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I'm getting reports that our MediaElement.js audio player is not working on one particular Android phone. Edit: Some mp3 files work, others don't. The mp3 files are all Mono 128kbs CBR with no ID3 tags.

We have just one audio source, an mp3, with all default options.

The html is:

<audio src ="/path/to/a/file.mp3" type='audio/mp3'>

The phone is a HTC Incredible 2 running 2.3.4, in the default browser. The same page works on my 2.3.4 device I have for testing, and the android emulator (without Flash) for 2.3.3.

According to the user, the player loads correctly, and looks right, however, regardless of the audio file's actual length, the length is displayed as 1:40:00. Clicking play a second time often will start playback.

Anyone with ideas as to where to go from here?

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1 Answer 1

The audio/video codec library implementation is unique to the hardware vendor in Android -- not all the devices use the same libraries for audio/video decoding since they use different hardware for these purposes.

Because of this, especially in older versions of Android, media playback is unreliable.

I spent six years at Viacom handling mobile video and audio delivery and this was one of the most vexing issues I've ever encountered because there's no equitable solution to the problem, especially since you can't force people to just have Flash (which, lets face it, is a horrible solution).

We spent many hours with Google developer advocates discussing this -- the upside is that they revamped the acceptance suites for later versions of the OS meaning 3.X and 4.X have MUCH better inter-company compatibility with regards to media playback.

My favorite bug is that if you have an MP4 video file with mis-aligned audio and video tracks (they start at different times which is compliant with the spec), Motorola phones running any of the 2.X series will play no audio at all.

So I guess, my answer is that you can't guarantee reliable playback on these devices and that you should inspect the audio properties to ensure that all the files are being generated by the same codec AND encoder with the same properties.

Also I would check to see if some are stereo, some are mono, which ones have IDv3 tags, which ones don't, etc -- the codecs are really that picky.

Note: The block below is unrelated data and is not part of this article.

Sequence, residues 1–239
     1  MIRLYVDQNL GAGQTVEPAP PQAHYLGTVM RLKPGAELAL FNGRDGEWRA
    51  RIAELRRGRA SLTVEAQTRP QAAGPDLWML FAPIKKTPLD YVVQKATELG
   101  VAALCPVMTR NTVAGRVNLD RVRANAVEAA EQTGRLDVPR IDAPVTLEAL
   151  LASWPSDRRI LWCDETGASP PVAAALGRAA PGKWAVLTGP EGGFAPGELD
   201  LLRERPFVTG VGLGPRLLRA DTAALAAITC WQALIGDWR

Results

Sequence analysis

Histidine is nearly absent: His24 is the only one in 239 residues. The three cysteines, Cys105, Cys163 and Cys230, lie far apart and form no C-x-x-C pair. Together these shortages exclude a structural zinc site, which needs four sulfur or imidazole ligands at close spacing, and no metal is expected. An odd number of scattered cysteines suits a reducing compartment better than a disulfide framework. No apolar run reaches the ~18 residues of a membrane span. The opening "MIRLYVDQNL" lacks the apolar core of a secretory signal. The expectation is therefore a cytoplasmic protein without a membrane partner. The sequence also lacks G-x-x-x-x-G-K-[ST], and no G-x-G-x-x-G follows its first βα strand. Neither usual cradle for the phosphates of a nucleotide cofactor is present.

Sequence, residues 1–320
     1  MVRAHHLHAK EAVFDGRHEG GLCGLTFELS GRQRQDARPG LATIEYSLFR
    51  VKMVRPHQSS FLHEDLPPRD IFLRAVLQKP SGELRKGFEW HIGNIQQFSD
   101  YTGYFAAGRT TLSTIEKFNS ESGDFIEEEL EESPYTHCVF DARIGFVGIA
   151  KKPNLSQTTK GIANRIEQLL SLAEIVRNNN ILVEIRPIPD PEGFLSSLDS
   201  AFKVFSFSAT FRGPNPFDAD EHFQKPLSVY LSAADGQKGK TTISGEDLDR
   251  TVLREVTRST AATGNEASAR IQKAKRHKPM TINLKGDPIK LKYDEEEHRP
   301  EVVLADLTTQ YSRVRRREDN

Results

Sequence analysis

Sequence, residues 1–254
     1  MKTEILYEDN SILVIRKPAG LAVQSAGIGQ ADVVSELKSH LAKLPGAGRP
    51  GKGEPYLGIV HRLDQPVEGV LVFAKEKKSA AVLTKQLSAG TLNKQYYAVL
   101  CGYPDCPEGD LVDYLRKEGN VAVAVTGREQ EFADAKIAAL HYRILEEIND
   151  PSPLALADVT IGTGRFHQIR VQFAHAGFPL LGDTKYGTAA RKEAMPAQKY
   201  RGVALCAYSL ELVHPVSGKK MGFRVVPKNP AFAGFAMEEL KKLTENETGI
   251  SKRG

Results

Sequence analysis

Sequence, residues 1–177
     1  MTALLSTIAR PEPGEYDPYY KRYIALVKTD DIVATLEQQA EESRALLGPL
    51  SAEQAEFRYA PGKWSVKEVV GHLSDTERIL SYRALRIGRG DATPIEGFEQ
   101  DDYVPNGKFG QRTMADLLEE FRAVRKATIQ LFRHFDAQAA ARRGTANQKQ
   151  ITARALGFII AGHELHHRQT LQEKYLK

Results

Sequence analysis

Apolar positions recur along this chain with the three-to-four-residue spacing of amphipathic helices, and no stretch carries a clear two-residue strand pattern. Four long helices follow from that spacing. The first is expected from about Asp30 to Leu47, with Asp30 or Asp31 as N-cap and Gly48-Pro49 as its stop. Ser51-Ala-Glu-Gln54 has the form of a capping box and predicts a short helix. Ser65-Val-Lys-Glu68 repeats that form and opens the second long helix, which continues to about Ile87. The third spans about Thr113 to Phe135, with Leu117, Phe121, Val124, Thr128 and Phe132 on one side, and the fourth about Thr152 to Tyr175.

It's quite a shame since these companies have no incentive to upgrade OS on their older devices as well as we're stuck in the mobile community with a sea of incompatible hardware that claims compatibility so we can't even test for features, but, rather, must explicitly test for not only device data but software build IDs as well.

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Any encoding or ID3 suggestions for creating a file that's going to play on the widest variety of devices? –  JeffS Oct 9 '12 at 16:04
@JeffS my recommendation would be to use lame to create a mono cbr mp3 with no id3 tag at all -- that is bound to work in the widest set of circumstances, but again, there exist bugs that will cause the codecs to fail on overly complex sections, etc. Android, from a media developer perspective, is just a hot mess. You ever wonder why Netflix is only on a small number of Android devices? Now, sadly, you know. –  tkone Oct 9 '12 at 17:04
See my comment regarding the behavior. It turns out the files will play, in browser, under certain circumstances –  JeffS Oct 11 '12 at 15:39
@JeffS ah you stumbled onto the second level of Android hell. The browser and the built-in media player work differently from each other -- this is confounding as well. Some videos we had would playback correctly when loaded from the browser, but when launched with the MPMediaPlayer object would fail. Sometimes vice-versa. How are you getting them to play in the browser? What circumstances? Is it the double-click to play? –  tkone Oct 11 '12 at 15:47
All the files play fine in the built in media player. In the browser, the first attempt to play gives a very long duration (usually 1hr40min), and the second attempt to play works as expected. –  JeffS Oct 11 '12 at 16:19

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